# b01lers CTF 2021: Reasonable Security Ahead

# Reasonable Security Ahead

Solved by: oneup, inukai

## Problem statement

We have infiltrated the shadowy organization and set up a tunnel to their secret mainframe (nc chal.b01lers.com 25002). Unfortunately, any server output is encrypted via plain RSA. All is not lost, however, because a trusted insider can provide temporary access to their test server (nc chal.b01lers.com 25001). The test server has an additional feature that allows for toggling encryption on and off through a modified output function

```
def output(self, msg):
if self.debug: print(msg)
else: normal_encrypted_output(msg)
```

Your mission, should you accept it, is to leverage the given access and extract the secret data from the mainframe within the next 48 hours. Time is critical, so manage resources wisely. This message will self-destruct in 5.. 4.. 3.. 2.. 1..

## Server output

(note: numbers are truncated for readability, the actual output had the full numbers)

Connecting to the test server, we’re presented with a menu and can do the following things:

```
1) show key
2) encryption test
3) encrypt something
4) show secret
5) encrypt secret
6) display menu
7) toggle testing mode [available on TEST SERVER ONLY]
Choose:
1
p=1511...3377
q=9754...8337
e=11111
Choose:
2
encryption of 'THIS IS A TEST' gives:
0x70cb...9ff4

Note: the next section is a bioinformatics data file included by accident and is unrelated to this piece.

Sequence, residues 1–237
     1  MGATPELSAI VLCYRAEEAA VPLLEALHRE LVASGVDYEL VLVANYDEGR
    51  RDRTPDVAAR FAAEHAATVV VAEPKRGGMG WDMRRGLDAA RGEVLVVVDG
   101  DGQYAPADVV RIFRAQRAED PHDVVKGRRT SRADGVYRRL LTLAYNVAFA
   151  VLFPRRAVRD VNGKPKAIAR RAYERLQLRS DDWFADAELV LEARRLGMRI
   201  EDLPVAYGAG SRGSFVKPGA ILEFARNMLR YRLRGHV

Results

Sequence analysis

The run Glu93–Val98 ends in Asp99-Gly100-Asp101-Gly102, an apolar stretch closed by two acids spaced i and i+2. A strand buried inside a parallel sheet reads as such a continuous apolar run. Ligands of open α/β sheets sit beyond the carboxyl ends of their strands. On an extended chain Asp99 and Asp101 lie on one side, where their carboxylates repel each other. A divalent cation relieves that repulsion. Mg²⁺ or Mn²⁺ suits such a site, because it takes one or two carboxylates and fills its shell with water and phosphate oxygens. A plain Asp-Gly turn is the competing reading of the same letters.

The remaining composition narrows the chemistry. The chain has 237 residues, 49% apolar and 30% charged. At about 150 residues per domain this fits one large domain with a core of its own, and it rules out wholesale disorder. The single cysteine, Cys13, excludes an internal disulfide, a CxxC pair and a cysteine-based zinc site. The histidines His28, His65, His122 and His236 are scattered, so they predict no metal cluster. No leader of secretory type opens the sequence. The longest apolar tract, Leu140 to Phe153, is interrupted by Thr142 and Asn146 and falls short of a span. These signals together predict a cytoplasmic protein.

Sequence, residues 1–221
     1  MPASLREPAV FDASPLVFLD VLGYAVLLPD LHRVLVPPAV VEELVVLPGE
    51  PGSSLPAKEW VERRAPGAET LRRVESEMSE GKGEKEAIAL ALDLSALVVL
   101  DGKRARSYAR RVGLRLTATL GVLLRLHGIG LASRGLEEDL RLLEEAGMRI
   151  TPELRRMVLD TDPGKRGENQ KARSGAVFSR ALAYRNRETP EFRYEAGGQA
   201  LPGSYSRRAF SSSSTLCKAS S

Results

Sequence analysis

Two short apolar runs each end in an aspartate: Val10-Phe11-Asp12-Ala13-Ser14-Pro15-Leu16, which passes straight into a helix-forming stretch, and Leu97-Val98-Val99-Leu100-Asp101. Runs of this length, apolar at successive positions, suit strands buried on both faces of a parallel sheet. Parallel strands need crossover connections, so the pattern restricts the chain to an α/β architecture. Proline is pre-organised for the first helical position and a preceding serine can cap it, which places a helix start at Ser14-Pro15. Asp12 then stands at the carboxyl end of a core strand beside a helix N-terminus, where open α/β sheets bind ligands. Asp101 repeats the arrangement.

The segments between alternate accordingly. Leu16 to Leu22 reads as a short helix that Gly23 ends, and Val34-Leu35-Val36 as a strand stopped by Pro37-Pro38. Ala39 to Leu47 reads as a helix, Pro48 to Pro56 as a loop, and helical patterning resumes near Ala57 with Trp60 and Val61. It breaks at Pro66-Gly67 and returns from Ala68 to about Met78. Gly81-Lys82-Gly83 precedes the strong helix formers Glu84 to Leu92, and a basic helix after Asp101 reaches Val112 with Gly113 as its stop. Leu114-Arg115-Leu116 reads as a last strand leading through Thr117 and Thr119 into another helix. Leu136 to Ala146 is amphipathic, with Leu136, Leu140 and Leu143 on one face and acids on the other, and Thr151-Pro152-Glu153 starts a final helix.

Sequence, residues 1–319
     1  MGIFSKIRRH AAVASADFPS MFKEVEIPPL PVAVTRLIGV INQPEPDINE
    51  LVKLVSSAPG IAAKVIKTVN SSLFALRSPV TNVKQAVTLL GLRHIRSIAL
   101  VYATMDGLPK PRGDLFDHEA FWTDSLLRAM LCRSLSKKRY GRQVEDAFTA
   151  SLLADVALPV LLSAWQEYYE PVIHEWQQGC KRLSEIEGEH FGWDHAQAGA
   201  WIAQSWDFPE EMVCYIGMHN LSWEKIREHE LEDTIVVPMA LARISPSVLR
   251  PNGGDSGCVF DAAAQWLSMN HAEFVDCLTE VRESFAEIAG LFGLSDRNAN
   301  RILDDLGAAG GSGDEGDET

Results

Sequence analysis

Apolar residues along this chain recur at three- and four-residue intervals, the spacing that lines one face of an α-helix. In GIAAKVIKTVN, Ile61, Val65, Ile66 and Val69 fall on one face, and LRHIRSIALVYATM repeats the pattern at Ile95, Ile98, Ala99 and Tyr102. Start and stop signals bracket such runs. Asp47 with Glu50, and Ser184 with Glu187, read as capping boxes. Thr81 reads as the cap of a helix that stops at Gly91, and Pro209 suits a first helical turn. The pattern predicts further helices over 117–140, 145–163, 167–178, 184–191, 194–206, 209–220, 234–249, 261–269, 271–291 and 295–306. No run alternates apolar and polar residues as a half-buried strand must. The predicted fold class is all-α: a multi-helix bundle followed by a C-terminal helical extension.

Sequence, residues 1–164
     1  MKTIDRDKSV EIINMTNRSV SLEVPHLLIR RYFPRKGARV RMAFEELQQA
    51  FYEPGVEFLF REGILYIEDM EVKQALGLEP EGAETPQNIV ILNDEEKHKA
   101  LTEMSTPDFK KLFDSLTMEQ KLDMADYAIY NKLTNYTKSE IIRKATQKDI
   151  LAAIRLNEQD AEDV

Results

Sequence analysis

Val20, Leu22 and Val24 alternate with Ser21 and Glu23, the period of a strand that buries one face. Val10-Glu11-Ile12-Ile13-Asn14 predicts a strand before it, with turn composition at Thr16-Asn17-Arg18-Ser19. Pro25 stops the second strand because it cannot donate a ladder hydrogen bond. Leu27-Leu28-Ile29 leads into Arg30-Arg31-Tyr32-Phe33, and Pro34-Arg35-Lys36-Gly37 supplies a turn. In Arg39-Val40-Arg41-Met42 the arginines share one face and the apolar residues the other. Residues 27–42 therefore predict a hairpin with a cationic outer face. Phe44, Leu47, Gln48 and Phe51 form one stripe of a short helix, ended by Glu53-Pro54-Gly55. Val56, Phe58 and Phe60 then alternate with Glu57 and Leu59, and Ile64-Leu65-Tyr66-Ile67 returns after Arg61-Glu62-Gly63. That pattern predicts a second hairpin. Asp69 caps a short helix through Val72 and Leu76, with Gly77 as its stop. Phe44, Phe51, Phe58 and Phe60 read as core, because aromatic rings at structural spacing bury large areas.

Choose:
3
Message:
xyz
encryption of 'xyz' gives:
0x45e1...9d1e
Choose:
4
fakeflag{This is not the real flag!!}
Choose:
5
encryption of 'fakeflag{This is not the real flag!!}' gives:
0x406f...26b7
Choose:
```

Connecting to the real server, we get the following:

```
0x8bb7...cf80
0x43af...2e83
0x6de2...a0d9
0x6092...22dc
0x2b68...c361
0x70ed...abf9
0x9f7c...cbbd
1
0x9211...2526
0x1fdc...eaac
0xa5de...9329
0x9f7c...cbbd
2
0x9144...6bd4
0x2295...db61
0x9f7c...cbbd
3
0xd900...8697
xyz
0x8b04...0c1f
0x7cc2...5f56
0x9f7c...cbbd
4
0xc779...0c99
0x9f7c...cbbd
5
0x674b...036d
0xa996...bb65
0x9f7c...cbbd
```

## Solution

### RSA configuration

First things first. Is this textbook RSA where we just calculate `C = pow(M, e, N)`

? Or is this real RSA where we actually add padding etc.

To find out, we can connect to the test server, get the key, put it into encrypting mode, and compare the output to what we calculate ourselves:

```
1) show key
2) encryption test
3) encrypt something
4) show secret
5) encrypt secret
6) display menu
7) toggle testing mode [available on TEST SERVER ONLY]
Choose:
1
p=1511...3377
q=9754...8337
e=11111
Choose:
7
0x8dfe...54cd # ed: this should be the "Choose:" message, encrypted
```

Compare to:

```
#!/usr/bin/env sage
def encode_text(s):
if type(s) is str:
s = s.encode('ascii')
return int.from_bytes(s, 'big')
p = 1511...3377
q = 9754...8337
e = 11111
N = p * q
M = encode_text('Choose:')
C = pow(M, e, N)
print('C:', hex(C))
# Output:
# C: 0x8dfe...54cd
```

It’s a match, so we’re attacking plain RSA without padding.

### Public Key

Sanity check. They’re not using the same key between the test server and real server, right?

Test server:

```
1) show key
2) encryption test
3) encrypt something
4) show secret
5) encrypt secret
6) display menu
7) toggle testing mode [available on TEST SERVER ONLY]
Choose:
1
p=1511...3377
q=9754...8337
e=11111
Choose:
7
0x8dfe...54cd # ed: Choose:
```

Real server:

```
0x8bb7...cf80 # ed: 1) show key